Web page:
It is that and not getting bogged down in Syria that the president wants to leave as a legacy. And next week in New York at the U.N. General Assembly he and his colleagues will begin to test the possibility that an U.S.-Iranian deal really is possible. It's bound to be a long movie and a wild ride, too. But luck, Iran's own calculations, and the president's willingness to use force to demonstrate prudence may well increase the chances of a success.

Follow @CNNOpinion on Twitter.

Join us at Facebook/CNNOpinion.

The opinions expressed in this commentary are solely those of Aaron David Miller.

ADVERTISEMENT
Part of complete coverage on
July 23, 2014 -- Updated 1538 GMT (2338 HKT)
The idea is difficult to stomach, but John Sutter writes that eating dog is morally equivalent to eating pig, another intelligent animal. If Americans oppose it, they should question their own eating habits as well.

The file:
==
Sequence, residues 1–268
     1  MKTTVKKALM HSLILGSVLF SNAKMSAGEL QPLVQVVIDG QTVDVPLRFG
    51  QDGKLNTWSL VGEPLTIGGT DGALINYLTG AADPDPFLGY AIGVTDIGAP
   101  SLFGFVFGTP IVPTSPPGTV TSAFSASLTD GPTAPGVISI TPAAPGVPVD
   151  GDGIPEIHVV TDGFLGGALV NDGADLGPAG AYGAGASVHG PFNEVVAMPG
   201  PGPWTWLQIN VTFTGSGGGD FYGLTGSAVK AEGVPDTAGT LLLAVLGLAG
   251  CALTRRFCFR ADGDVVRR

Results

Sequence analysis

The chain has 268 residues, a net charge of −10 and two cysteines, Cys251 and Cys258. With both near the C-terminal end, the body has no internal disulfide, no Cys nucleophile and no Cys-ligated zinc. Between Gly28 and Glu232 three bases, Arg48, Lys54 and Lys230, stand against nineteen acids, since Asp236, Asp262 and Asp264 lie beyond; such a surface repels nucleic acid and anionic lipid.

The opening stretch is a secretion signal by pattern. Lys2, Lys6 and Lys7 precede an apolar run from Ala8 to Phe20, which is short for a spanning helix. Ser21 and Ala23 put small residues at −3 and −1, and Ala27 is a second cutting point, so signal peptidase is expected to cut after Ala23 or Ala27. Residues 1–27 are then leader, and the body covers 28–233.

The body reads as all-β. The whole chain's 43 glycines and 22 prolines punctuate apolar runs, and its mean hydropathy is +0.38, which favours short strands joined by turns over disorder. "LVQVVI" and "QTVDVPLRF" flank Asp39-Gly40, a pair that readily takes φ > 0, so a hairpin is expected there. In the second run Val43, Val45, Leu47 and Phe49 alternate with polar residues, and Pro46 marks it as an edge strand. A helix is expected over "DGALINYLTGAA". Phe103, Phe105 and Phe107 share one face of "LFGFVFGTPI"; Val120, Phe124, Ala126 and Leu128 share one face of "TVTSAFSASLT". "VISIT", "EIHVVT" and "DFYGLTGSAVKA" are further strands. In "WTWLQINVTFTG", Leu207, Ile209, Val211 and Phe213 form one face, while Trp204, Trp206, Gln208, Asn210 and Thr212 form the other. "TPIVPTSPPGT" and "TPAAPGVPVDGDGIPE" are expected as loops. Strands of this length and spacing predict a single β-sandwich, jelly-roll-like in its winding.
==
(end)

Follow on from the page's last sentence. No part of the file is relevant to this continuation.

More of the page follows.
July 23, 2014 -- Updated 1630 GMT (0030 HKT)
Bill van Esveld says under the laws of war, civilians who do not join in the fight are always to be protected. An International Criminal Court could rule on whether Israeli airstrikes and Hamas rocketing are war crimes.
July 23, 2014 -- Updated 1205 GMT (2005 HKT)
LZ Granderson says Ronald Reagan went horseback riding and took a vacation after the Korean Air Crash of 1983. So why does the GOP keep airbrushing history to bash Obama?
July 23, 2014 -- Updated 1338 GMT (2138 HKT)
Aaron Miller says Kerry needs the cooperation of Hamas, Israel, Egypt and others if he is to succeed in his peacemaking efforts
July 23, 2014 -- Updated 1251 GMT (2051 HKT)
Errol Louis says the tragic death of Eric Garner at the hands of the NYPD has its roots in the "broken windows" police strategy from the crime-ridden '80s.